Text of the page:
There’s a way to pick the absolute best images for your content: Apply AI

Most marketers believe there’s a lot of value in having relevant, engaging images featured in content.

But selecting the “right” images for blog posts, social media posts or video thumbnails has historically been a subjective process. Social media and SEO gurus have a slew of advice on picking the right images, but this advice typically lacks real empirical data.

This got me thinking: Is there a data-driven — or even better, an AI-driven — process for gaining deeper insight into which images are more likely to perform well (aka more likely to garner human attention and sharing behavior)?

The technique for finding optimal photos

In July of 2019, a fascinating new machine learning paper called “Intrinsic Image Popularity Assessment” was published. This new model has found a reliable way to predict an image’s likely “popularity” (estimation of likelihood the image will get a like on Instagram).

It also showed an ability to outperform humans, with a 76.65% accuracy on predicting how many likes an Instagram photo would garner versus a human accuracy of 72.40%.

I used the model and source code from this paper to come up with how marketers can improve their chances of selecting images that will have the best impact on their content.

Finding the best screen caps to use for a video

One of the most important aspects of video optimization is the choice of the video’s thumbnail.

According to Google, 90% of the top performing videos on the platform use a custom selected image. Click-through rates, and ultimately view counts, can be greatly influenced by how eye-catching a video title and thumbnail are to a searcher,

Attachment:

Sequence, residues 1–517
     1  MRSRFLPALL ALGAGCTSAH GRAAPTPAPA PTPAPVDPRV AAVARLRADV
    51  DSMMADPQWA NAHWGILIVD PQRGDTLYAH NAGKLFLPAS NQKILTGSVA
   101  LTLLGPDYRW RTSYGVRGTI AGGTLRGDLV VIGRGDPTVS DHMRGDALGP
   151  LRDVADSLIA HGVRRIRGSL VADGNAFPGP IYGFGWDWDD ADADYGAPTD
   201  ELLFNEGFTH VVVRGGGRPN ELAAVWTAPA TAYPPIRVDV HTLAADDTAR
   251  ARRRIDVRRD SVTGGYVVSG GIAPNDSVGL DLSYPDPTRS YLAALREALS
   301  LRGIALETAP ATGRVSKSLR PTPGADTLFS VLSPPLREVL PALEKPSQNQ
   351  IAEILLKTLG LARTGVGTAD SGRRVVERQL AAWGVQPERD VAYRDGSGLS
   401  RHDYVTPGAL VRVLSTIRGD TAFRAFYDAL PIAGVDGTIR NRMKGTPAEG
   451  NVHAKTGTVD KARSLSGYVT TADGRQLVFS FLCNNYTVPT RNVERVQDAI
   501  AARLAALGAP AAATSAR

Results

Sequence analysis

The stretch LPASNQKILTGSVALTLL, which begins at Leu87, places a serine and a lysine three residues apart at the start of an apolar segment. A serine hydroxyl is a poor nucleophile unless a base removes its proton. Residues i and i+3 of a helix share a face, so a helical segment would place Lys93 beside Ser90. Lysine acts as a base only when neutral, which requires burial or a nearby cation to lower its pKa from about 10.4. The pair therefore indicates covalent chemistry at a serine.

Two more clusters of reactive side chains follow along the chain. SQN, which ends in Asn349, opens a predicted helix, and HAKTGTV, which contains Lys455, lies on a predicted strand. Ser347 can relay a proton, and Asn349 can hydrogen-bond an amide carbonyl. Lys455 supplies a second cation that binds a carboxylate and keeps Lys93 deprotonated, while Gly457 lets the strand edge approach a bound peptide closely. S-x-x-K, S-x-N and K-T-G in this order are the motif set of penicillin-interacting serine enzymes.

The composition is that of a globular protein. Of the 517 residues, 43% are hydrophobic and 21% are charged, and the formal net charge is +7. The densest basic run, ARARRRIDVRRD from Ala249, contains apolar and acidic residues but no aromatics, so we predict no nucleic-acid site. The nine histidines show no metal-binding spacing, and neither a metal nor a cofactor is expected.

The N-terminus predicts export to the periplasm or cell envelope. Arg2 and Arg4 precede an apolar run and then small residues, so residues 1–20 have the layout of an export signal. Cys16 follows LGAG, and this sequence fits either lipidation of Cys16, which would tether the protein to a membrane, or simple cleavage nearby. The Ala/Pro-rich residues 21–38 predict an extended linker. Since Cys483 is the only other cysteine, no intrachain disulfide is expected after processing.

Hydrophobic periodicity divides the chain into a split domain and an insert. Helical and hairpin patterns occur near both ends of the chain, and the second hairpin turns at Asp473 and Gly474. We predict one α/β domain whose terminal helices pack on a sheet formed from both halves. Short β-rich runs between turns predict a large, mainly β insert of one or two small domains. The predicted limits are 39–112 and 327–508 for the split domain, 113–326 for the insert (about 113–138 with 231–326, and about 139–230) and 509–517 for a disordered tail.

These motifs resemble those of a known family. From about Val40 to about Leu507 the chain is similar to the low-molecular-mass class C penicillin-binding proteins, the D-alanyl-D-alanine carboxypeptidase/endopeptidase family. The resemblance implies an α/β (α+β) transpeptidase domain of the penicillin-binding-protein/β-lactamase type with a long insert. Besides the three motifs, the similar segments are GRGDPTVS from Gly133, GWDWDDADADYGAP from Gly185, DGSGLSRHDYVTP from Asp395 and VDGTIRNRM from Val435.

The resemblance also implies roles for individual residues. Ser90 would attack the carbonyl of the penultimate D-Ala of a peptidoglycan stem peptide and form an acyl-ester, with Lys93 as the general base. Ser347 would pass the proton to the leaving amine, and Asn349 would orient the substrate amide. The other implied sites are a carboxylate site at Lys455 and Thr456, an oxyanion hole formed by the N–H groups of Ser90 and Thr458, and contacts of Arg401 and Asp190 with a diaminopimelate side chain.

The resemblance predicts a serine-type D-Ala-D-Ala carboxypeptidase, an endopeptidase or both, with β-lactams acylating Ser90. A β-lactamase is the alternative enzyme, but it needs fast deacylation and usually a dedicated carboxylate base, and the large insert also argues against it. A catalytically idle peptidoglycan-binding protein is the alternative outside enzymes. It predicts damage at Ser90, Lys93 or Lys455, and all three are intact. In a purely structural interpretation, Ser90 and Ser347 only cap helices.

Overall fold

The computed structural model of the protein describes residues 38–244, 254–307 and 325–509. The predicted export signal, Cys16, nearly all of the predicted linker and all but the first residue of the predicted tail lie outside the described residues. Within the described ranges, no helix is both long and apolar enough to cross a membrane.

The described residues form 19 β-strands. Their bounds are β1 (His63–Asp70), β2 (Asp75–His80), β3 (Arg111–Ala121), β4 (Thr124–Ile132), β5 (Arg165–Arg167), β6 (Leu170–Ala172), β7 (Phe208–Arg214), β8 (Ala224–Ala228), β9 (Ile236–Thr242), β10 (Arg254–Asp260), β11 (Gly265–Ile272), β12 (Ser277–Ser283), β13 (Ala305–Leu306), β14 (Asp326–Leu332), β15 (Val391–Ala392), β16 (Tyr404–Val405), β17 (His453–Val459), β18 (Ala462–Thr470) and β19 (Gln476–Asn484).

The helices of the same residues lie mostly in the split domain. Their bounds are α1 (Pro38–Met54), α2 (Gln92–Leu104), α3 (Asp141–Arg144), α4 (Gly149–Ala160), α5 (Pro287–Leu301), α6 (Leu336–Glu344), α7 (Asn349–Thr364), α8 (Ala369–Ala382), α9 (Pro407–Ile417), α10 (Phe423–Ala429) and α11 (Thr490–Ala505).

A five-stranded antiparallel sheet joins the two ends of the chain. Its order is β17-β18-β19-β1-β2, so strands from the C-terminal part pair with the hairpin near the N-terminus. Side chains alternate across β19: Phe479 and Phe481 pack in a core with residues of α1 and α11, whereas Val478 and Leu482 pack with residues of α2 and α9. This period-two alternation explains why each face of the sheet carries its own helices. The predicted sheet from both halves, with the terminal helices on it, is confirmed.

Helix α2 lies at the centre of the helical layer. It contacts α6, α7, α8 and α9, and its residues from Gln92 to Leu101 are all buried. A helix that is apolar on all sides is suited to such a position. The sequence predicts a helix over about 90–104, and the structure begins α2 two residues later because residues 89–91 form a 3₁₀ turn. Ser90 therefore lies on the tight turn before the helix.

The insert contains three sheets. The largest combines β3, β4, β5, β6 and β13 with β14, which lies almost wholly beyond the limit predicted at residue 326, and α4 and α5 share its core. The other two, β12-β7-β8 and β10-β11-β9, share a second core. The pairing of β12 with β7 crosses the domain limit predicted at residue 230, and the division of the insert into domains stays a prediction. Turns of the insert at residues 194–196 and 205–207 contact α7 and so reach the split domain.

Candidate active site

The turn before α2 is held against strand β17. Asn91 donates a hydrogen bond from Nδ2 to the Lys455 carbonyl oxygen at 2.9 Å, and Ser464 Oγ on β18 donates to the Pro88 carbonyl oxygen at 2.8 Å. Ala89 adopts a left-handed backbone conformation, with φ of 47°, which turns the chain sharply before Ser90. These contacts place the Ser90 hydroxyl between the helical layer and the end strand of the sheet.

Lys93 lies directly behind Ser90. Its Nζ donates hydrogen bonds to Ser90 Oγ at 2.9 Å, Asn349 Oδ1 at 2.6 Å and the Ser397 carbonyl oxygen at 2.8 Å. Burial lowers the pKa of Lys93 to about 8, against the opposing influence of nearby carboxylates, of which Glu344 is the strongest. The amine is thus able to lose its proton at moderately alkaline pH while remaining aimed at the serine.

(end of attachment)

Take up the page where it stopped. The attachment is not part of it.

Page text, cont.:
In recent years, Google has applied AI to automate video thumbnail extraction, attempting to help users find thumbnails from their videos that are more likely to attract attention and click-throughs.

Unfortunately, with only three provided options to choose from, it’s unlikely the thumbnails Google currently recommends are the best thumbnails for any given video.

That’s where AI comes in.

With some simple code, it’s possible to run the “intrinsic popularity score” (as derived by a model similar to the one discussed in this article) against all of the individual frames of a video, providing a much wider range of options.

The code to do this is available here. This script downloads a YouTube video, splits it into frames as .jpg images, and runs the model on each image, providing a predicted popularity score for each frame image.
Caveat: It is important to remember that this model was trained and tested on Instagram images. Given the similarity in behavior for clicking on an Instagram photo or a YouTube thumbnail, we feel it’s likely (though never tested) that if a thumbnail is predicted to do well as an Instagram photo, it will similarly do well as a YouTube video thumbnail.

Let’s look at an example of how this works.


thumbnail from youtube video with housebuilding couple

Current thumbnail. Image Credits: YouTube (opens in a new window)


We had the intrinsic popularity model look at three frames per second of this 23-minute video. It took about 20 minutes. The following were my favorites from the 20 images that had the highest overall scores.

Popularity score: 5.42. Image Credits: YouTube


Popularity score: 4.62. Image Credits: YouTube